Ah the American dream. The hope that some saved investment money will yield more for you when your dreams become reality. You’ve spent hours watching the so called “Flip shows” on the DIY network and your burning desire is to be the next great guru of homes. The paint! The pretty fixtures! Everyone else is doing it so it can’t be that hard! When all the dust has settled along comes the Home Inspector ready to essentially score your pet project.
Some of these homes have been done to a quality standard while others only take about 5 minutes to walk around and it is painfully obvious the seller was clueless. The focal points are to make the home look presentable but that only works for perspective buyers who lack the experience or understanding of how a home is put together. Here is a list of so called “areas of concern” that you the buyer should be focused on prior to worrying about appearances.
1. Did the seller get a home inspection?
In most cased they didn’t. If they did then I wouldn’t have spent twice as long writing up all the defects I usually find. Many of these homes are priced low for a reason. That’s simply because they have a ton of issues. Some were never built properly to begin with and others have been added onto over the years. These “additions” were done by unqualified persons or homeowners looking for the cheap build, and now after many years of standing the defects the structural issues are apparent. The structure of the home is the absolute most important factor to consider.
2. You do realize this place has a crawlspace don’t you?
The crawlspace is second behind the physical structure of the home and in almost all cases a part of the structural evaluation. If a crawlspace is not properly addressed or maintained the end results are mold and rotted wood framing. Even if the rest of the home is great, a doomed crawlspace will be the end to a buyer’s interest of your next big flip.
3. Did they have the electrical/plumbing checked?
Of course this would fall back on #1. If the home is 50+ years old and all the systems are aged or original, then the life expectancies are past in some cases and it’s time for an upgrade. Plumbing consistent of galvanized and cast iron is at or near the end. Even if its functioning there are never guarantees it will last. Some lasts 40 and some lasts 70 but eventually it will need to be replaced. Many times there are enough leaks and indications to warrant a further evaluation by a tradesman to determine the cost of replacement. If you don’t, you will end up having annual leaking pipe repairs. The same goes for electrical. Most modern homes cannot function on 100 amp service. Times have changed and so have power requirements. Most of the electrical systems, , I find are out of space so the previous owners just splice and add, instead of upgrade. What is left is a mess and the repair costs are high for bringing it up to speed.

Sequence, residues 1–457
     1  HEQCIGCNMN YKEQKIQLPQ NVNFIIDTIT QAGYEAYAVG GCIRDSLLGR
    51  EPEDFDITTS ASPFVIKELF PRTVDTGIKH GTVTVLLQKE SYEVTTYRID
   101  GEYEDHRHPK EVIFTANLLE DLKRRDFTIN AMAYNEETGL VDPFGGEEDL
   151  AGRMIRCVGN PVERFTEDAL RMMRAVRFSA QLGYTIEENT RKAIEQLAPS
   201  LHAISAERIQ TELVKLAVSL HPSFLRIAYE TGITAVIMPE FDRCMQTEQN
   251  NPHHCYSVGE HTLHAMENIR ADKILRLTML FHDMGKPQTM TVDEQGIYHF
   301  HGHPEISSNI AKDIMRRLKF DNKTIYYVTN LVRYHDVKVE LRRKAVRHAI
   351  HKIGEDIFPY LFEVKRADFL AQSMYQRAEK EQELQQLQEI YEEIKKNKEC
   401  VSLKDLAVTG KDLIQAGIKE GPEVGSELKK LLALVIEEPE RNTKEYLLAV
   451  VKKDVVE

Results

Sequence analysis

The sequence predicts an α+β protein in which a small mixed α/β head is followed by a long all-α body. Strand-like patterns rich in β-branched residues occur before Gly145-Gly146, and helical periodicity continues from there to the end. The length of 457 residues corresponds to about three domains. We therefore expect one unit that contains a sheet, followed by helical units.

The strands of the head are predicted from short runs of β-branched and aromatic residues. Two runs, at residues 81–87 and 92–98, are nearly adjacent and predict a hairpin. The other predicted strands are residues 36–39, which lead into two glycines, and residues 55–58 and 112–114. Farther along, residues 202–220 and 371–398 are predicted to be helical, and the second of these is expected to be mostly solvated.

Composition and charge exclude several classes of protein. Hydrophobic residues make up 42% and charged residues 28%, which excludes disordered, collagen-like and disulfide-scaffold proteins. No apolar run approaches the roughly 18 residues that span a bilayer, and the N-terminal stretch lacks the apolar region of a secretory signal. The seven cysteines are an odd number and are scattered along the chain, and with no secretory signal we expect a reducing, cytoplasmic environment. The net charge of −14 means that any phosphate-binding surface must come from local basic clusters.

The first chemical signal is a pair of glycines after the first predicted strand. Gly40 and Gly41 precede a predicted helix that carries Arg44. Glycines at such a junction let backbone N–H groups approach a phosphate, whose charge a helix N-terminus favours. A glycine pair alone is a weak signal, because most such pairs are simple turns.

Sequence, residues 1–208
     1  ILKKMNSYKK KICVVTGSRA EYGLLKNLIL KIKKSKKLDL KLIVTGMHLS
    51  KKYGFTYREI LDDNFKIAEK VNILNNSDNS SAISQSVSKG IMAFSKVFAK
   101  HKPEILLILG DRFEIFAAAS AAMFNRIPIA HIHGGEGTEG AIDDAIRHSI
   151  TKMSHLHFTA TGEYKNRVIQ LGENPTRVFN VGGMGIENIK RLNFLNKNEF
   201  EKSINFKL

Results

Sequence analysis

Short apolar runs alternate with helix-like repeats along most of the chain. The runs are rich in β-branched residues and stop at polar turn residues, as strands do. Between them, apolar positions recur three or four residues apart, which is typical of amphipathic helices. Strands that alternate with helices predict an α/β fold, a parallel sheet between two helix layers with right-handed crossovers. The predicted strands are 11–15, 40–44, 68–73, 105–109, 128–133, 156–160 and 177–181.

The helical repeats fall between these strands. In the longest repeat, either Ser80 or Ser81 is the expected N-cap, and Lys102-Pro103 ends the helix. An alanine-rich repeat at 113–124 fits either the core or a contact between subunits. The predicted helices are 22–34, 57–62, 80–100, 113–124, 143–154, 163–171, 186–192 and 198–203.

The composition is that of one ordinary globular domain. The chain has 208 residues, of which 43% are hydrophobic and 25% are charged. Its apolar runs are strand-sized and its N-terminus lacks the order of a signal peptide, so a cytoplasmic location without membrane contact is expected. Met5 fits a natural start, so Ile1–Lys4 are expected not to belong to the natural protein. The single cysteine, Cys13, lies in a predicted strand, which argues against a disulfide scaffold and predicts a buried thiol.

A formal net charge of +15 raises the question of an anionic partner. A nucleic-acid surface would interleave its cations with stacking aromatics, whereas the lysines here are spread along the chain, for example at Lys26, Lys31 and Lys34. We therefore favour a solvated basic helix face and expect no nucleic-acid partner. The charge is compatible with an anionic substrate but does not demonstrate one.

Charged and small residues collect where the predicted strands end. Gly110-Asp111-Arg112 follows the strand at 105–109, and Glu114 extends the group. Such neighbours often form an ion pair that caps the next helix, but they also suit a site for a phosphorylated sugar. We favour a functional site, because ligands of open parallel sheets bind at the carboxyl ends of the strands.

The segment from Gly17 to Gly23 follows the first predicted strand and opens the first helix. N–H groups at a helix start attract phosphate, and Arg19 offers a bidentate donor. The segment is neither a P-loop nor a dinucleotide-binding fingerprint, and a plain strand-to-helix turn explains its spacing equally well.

4. More Insulation? Oh, that’s grandfathered in!
The minimum for most attics around here is roughly 10 to 18 inches. You have to remember, some of these homes were built before anyone focused on energy. The last thing on some people’s minds is wondering about insulation. Many of these homes are priced according to comparable for square footage, and no emphasis was on considering the age and lack of modern comforts like insulation.
If you plan on investing in a “flip house” do it right. Hire the appropriate tradesman to evaluate and repair. Its pretty clear when you don’t. Also PLEASE spend the money and get it inspected. I have seen the ones where the people are stuck and out of money. They invested poorly and when the inspection is over they have no money to make real repairs. So now they are upside down.